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An open journal-- some of it written for you, but most of it is for me.

Learn to Code Online: Code School vs. Treehouse vs. Codecademy

Like any n00b, I spent a lot of time learning the skills of programming online. Outside of random YouTube Videos (NewBoston is worth your time), there are three well-known online products– Code School, Treehouse, and Codecademy. I’d estimate, I’ve spent around 80 hours on these sites. I don’t know if that is a lot or a little, but I do know that Code School is the clear winner…

Codecademy

(not to be confused with Code Academy) exploded on the scene last fall, but really falls short in the usability department and error feedback. To be fair, I only have spent time with their JavaScript courses, but it’s hard to get past first impressions. Granted, Codecademy is run by a couple of young’ins and haven’t had the head start that Code School has on its interactive browser, but I found myself more than frustrated going through their lessons. If they spent less time, hammering my inbox with weekly emails and built a better interface, I’d be more likely to take a look at their newly updated and well funded site (I’ve heard they added Ruby lessons). At least for now, Codecademy is FREE. So serious brownie points there.

EDIT: I recently revisited Codecademy and the usability (which is clearly my biggest gripe above) has really been refined and improved. In fact, I was impressed with the ease of use this go around… If I were starting from scratch I would start here, while Code School caters to an intermediate skill level and above.)

Treehouse is…

in a word, boring. Thankfully, I was able to guess most of the answers without struggling through the videos. I did spend, however, a portion of the time learning about subjects on the periphery. Their explanations of structs, I/O, and Ruby Core had slipped through the cracks of other beginner Ruby tutorials. I couldn’t get into the humor of Mike the Frog or some of their other movie “rewards,” but I guess that really shouldn’t be the main motivating factor. While others thought it is silly, I like that Jason Seifer is such a goofball. He is the lone source of humor in an overall dry learning experience. Personally, I learn faster by doing and Treehouse falls short here. Though they do sprinkle in a few interactive quizzes, it just isn’t enough. If you are going to financially invent in your learning, I’d save it for…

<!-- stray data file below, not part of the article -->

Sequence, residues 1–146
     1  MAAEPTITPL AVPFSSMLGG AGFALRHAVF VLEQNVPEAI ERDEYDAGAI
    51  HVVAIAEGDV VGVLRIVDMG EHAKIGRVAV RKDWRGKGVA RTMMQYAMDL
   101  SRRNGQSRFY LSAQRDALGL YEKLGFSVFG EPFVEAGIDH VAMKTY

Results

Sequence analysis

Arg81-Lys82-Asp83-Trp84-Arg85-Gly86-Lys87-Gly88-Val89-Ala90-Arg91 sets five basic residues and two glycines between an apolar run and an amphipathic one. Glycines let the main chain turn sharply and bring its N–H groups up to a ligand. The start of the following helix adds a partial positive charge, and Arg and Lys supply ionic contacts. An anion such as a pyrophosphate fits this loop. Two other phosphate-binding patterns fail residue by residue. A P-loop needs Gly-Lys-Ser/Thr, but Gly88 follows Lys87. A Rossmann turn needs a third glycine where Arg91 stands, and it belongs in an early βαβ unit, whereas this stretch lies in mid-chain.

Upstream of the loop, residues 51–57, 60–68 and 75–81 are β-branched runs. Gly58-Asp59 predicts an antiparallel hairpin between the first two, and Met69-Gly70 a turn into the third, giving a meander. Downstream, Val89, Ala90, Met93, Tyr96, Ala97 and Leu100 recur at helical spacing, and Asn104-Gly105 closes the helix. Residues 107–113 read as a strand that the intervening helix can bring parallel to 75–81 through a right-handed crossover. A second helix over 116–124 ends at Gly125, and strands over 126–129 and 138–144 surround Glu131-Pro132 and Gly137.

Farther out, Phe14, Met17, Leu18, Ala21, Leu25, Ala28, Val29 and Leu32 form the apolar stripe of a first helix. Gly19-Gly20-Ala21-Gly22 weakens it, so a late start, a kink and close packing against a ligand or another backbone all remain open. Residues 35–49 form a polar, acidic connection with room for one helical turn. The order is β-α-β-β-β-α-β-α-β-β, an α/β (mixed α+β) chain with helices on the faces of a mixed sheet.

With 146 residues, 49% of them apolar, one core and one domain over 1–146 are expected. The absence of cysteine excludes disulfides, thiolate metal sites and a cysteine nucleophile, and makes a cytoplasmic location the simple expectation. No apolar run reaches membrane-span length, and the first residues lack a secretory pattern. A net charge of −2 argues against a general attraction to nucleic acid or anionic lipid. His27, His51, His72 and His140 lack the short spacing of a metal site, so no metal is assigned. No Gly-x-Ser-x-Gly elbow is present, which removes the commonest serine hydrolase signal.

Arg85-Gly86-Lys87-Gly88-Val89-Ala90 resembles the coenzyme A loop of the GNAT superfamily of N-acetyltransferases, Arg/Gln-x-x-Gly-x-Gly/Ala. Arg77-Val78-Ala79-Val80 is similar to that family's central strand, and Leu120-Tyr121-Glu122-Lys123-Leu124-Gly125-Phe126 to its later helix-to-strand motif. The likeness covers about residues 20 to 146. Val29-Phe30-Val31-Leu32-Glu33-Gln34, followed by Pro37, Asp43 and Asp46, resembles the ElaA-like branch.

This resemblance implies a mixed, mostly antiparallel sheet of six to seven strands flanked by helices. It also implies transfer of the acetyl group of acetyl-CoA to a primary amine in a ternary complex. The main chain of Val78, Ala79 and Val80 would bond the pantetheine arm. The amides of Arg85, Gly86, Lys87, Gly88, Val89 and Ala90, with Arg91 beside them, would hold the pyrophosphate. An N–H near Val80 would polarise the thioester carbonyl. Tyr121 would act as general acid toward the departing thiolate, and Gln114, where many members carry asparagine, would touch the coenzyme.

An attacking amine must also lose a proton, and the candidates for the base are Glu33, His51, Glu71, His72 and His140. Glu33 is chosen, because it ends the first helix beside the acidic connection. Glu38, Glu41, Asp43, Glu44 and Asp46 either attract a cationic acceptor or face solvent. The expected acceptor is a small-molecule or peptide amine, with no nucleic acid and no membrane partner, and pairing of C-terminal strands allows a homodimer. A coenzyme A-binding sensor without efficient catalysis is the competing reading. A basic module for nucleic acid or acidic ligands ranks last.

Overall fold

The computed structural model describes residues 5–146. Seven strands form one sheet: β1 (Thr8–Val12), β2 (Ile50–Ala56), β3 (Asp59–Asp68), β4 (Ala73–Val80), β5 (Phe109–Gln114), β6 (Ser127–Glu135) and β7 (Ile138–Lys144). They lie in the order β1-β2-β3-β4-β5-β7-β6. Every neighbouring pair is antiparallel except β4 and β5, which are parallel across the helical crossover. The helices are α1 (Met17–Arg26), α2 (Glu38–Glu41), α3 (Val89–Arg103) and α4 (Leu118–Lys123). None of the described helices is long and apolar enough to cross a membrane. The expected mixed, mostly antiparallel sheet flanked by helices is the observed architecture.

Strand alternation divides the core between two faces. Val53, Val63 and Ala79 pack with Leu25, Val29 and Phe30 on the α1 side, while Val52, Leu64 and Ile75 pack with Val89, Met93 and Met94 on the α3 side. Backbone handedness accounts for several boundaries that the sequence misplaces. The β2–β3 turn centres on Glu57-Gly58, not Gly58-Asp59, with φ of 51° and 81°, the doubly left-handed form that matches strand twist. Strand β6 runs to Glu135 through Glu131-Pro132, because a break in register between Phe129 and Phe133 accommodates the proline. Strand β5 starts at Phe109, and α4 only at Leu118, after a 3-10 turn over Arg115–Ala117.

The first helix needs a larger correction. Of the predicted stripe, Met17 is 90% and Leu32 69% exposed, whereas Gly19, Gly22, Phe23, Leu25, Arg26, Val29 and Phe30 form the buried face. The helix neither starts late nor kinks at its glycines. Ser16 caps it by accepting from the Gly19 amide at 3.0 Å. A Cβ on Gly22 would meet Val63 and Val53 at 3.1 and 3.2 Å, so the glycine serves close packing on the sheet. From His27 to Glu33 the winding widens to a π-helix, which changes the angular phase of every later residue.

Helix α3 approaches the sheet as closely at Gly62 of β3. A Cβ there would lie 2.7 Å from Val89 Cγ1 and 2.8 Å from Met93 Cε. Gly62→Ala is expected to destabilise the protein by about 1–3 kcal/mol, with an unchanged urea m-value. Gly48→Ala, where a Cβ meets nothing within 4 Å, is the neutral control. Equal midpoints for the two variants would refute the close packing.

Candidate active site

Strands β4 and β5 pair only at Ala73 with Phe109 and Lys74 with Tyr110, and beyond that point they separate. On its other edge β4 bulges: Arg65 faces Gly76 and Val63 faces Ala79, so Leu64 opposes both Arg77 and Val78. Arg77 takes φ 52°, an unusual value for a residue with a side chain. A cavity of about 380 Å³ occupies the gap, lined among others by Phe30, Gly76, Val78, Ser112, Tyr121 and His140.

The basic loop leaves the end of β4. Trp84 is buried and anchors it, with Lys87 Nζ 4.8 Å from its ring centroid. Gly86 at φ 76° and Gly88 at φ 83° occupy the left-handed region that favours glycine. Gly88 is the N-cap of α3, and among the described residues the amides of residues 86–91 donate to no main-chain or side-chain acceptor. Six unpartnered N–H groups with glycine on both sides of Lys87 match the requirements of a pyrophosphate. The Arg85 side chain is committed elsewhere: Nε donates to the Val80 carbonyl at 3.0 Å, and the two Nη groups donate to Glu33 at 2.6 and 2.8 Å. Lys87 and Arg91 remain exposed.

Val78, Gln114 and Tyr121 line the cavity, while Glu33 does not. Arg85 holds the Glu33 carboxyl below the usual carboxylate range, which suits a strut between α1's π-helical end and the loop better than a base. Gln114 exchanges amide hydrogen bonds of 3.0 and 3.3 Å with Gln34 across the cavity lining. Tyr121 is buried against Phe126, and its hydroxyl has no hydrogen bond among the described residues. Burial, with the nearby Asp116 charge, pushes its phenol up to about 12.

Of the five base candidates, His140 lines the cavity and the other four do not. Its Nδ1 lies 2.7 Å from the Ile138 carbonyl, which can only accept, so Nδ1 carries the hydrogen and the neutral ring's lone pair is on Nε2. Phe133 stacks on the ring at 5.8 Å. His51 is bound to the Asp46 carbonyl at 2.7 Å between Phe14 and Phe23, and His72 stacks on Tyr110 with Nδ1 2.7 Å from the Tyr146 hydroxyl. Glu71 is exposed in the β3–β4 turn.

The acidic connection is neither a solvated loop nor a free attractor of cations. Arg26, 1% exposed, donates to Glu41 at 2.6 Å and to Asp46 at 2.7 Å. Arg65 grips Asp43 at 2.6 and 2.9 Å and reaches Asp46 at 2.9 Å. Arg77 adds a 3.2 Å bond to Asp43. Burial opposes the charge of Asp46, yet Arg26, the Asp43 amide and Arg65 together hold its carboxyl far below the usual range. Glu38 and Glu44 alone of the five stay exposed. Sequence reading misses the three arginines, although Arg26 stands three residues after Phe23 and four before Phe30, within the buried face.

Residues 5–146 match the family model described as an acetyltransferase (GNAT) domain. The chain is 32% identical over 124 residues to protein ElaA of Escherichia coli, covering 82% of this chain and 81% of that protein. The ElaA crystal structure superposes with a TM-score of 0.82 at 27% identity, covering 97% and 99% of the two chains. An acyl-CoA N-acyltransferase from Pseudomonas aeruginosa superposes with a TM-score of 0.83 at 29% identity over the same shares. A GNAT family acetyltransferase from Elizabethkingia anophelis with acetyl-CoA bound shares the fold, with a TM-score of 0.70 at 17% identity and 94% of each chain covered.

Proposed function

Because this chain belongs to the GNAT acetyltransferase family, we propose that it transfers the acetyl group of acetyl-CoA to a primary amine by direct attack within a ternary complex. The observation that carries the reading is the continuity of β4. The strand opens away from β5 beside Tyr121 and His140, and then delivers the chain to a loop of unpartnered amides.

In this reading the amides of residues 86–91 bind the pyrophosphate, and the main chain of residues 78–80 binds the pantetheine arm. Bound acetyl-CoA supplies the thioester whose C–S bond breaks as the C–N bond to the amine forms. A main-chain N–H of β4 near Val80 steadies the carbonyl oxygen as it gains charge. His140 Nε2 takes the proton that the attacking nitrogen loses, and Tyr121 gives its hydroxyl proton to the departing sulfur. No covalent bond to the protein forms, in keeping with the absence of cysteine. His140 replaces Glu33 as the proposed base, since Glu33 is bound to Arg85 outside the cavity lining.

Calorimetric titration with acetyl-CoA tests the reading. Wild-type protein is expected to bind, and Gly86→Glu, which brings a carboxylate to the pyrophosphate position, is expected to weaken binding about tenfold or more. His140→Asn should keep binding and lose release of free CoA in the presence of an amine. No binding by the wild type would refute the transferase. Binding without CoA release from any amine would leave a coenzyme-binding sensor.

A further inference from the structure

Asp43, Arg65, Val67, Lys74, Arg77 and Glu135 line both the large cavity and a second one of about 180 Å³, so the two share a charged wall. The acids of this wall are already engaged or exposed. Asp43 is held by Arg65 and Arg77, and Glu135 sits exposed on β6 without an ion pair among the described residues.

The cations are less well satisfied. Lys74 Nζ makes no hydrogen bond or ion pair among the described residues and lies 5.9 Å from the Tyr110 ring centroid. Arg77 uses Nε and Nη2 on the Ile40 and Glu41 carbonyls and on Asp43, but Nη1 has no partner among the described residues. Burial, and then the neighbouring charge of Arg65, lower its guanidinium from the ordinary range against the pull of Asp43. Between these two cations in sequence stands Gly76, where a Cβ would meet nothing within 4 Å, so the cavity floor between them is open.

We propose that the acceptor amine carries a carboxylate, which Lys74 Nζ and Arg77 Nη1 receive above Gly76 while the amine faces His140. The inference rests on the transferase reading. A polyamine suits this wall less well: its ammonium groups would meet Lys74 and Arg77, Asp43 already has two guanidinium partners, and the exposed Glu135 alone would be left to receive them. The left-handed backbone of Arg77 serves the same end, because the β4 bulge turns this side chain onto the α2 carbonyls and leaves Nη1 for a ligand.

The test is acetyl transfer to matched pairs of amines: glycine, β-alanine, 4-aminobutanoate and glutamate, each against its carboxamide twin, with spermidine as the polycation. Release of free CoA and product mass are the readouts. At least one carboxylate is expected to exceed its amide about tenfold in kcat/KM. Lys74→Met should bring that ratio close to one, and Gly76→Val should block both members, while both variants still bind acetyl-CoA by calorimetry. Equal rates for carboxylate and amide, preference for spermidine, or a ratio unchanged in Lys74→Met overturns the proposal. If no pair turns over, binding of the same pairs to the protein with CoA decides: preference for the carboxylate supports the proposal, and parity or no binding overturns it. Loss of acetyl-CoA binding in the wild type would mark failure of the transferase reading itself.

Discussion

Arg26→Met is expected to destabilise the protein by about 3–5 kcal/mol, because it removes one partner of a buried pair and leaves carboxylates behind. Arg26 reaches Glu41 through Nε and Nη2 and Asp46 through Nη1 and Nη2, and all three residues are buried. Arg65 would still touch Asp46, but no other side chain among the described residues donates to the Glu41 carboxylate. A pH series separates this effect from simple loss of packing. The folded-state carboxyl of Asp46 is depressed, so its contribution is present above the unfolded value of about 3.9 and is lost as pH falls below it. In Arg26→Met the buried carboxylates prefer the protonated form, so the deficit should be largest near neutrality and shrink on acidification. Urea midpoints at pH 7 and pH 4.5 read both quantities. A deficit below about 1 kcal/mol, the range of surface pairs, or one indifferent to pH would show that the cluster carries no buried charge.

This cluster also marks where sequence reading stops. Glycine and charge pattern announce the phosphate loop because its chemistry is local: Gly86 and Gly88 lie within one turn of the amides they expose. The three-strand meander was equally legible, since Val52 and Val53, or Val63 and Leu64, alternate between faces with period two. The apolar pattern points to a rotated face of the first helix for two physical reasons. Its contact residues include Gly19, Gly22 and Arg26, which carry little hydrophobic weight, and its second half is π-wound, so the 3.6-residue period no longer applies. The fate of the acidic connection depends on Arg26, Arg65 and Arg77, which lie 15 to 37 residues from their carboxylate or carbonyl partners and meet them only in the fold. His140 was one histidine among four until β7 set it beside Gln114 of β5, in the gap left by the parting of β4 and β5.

Code School

rocks. It has clearly been the best use of my time. The videos are much more in-depth and the interactive browser is the superior to everything else I’ve seen. The Envy Labs Team goes into significantly more detail than their aforementioned competitors. Their material is engaging, challenging, and well thought-out. What I enjoyed most (besides the information of course) is the self-depreciating humor that dots their casts. Cheesy graphics and dedication to a theme, for example Zombie terminology, finds the right balance of hilarious and non-interfering entertainment. When I first took their beginner courses, I grumbled at the level of detail they covered. Now that I picked up a few things, Code School does an amazing job of covering the entire breadth of subjects within a topic. Maybe most importantly, the error feedback is actually useful as are their hints. My sole criticism is that there is a recognizable difference between Gregg Pollack and the others characters. If he could navigate the office politics, Gregg should do all the casts.

Now in my 7th month of my programming career, Avi’s words have more meaning than ever:

“It’s not about learning the syntax. Anyone can learn that. Learning to program is learning how to communicate.” – Avi Flombaum

If you are going to learn the syntax (which we DO need to do), Code School is very much worth it and I’m not the only one who thinks so. But what do I know? Not that much. What do you think?

(Tip to David Baker for the subject.)

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